Throughout the thirties, Lord Rothermere, proprietor of the Daily Mail, supported the appeasement of Hitler, like a good number of other prominent people in Britain. Furthermore, however, Rothermere was an admirer of Hitler and after the Munich Pact, the high watermark of appeasement in 1938, he sent a telegram to the Fuhrer which is shocking to read now.
MY DEAR FUHRER EVERYONE IN ENGLAND IS PROFOUNDLY MOVED BY THE BLOODLESS SOLUTION OF THE CZECHOSLOVAKIAN PROBLEM STOP PEOPLE NOT SO MUCH CONCERNED WITH TERRITORIAL READJUSTMENT AS WITH DREAD OF ANOTHER WAR WITH ITS ACCOMPANYING BLOODBATH STOP FREDERICK THE GREAT WAS A GREAT POPULAR FIGURE IN ENGLAND MAY NOT ADOLF THE GREAT BECOME AN EQUALLY POPULAR FIGURE STOP I SALUTE YOUR EXCELLENCYS STAR WHICH RISES HIGHER AND HIGHER.
By September 4, 1939, all had changed and Rothermere’s Daily Mail proclaimed “We now fight against the blackest tyranny that has ever held men in bondage.” But it was too late. The appeasers had landed the world into the second of the twentieth century’s mega-bloodbaths.
Hindsight is one of the more facile and useless of man’s natural gifts. Foresight is one of the most useful, but also one of the most difficult to attain. A great many people claim it but History is a ruthless agent when it comes to sorting out the sheep from the goats.
Just now there seems to be a small publishing industry developing around those who are prophesying a dire future for western civilization – and the future of its number one protecting power , the United States of America.
Among recent books looking at our future prospects are The World America Made, by Robert Kagan, Eclipse: Living In The Shadow of China’s Economic Dominance, by Arvind Subramanian, After America: Get Ready For Armageddon, by Mark Steyn, and Becoming China’s Bitch and Nine More Catastrophes We Must Avoid Right Now, by Peter D Kiernan.
These were all usefully reviewed by Gideon Rachman in The Financial Times last month. Add to that the latest by Patrick Buchanan, Suicide of a Superpower: Will America Survive to 2025? This was reviewed in the current issue of The American Spectator by Matthew Kenefick, a Church historian and a Research Fellow of the Faith and Reason Institute.
Buchanan does not assert that the country will not survive, Kennefick tells us, but rather argues that it will no longer be the country that the Founding Fathers envisioned.
If the United States does not alter its current trajectory, Kennefick hopes that the book will survive to be read centuries from now by some future Gibbon as a prophetic cri de coeur unhappily ignored in its time.
“Perhaps”, he speculates, “ that writer will ask how a republic blessed with a continent of great natural resources, a Constitution unique in human history, and a populace blessed with the Christian faith could have committed suicide. However, Buchanan reminds us: ‘Demography is Destiny.’ In the United States since 1973 more than 50 million future citizens have been aborted, the contraceptive mentality has brought the middle-class population below replacement level for the first time in our history, the top money-making entertainment industry is Internet pornography, and the easing of divorce laws has encouraged adultery and split up families with devastating impact on millions of children. Now, in perhaps the final step, traditional marriage between one man and one woman is gradually becoming merely one more option.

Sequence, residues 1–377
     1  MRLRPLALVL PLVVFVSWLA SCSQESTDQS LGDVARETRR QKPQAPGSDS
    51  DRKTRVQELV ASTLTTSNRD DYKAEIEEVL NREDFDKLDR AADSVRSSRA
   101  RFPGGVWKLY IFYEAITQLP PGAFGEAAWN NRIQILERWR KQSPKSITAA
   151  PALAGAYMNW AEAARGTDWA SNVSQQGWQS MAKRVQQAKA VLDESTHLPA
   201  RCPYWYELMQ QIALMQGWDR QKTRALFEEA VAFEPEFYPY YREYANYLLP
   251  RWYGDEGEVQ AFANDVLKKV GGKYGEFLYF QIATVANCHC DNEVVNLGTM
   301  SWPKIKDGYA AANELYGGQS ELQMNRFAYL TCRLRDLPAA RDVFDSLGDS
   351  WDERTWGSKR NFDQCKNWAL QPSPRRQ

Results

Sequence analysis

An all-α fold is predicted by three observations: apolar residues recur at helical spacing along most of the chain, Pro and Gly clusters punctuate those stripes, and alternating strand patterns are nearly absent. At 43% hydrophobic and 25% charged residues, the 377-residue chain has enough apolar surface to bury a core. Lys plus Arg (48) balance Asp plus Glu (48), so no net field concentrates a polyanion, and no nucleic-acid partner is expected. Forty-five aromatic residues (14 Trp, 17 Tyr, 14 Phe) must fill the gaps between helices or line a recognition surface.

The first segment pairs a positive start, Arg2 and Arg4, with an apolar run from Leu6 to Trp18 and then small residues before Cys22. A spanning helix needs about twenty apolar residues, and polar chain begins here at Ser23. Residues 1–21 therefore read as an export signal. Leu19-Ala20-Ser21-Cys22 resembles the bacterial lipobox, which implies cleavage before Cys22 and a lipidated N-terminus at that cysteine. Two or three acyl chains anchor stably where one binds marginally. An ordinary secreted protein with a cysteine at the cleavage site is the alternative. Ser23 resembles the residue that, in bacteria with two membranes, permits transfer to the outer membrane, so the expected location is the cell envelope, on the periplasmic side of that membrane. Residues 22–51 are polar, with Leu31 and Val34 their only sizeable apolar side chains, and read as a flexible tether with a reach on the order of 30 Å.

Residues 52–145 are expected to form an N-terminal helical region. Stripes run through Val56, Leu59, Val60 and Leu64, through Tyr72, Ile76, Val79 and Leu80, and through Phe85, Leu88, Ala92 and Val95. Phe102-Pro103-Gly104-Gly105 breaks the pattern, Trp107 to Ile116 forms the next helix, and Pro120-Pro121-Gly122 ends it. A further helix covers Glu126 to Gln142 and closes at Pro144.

“The number one health problem in our country in the midst of the worst economic downturn since the Depression is not hunger, but obesity. The real question is whether America is worth saving. One thing for sure, it is no longer ‘Exceptional.’ Consider what is left of Europe for a sobering view of our future. The only hope for our country is a moral and spiritual revival. Are we up for the challenge? The next decade should give us the answer.
“That’s why ultimately we should look in the mirror for the cause of our decline. In the immortal words of Pogo: ‘We have met the enemy and he is us.’”
But if Pogo’s problem was the physical pollution of the environment this is as noting as compared with the pollution of our very spirit – and the enemy here is still ourselves and our reluctance to face the truth about ourselves.
All these books have a different take on the predicament of the West after the first decade of the 21st century. Some are optimistic, some are pessimistic, but they all ask us to wake up. They all recognise that something is broken and needs to be fixed. The appeasing instinct of Lord Rothemere, if we indulge in it, will be as lethal to us now as it was then. Sleeping it all off in the interests of a quiet life is not an option. The time-bombs which Buchanan lists are already ticking away and unless they are defused soon their destructive force will end it all for us – perhaps this time not with a bang, but with a whimper. Indeed time-bomb is the wrong metaphor. The metaphor for all this in our age is an all-consuming bacterium invading our bodies and our souls. Quick, where are the anti-biotics?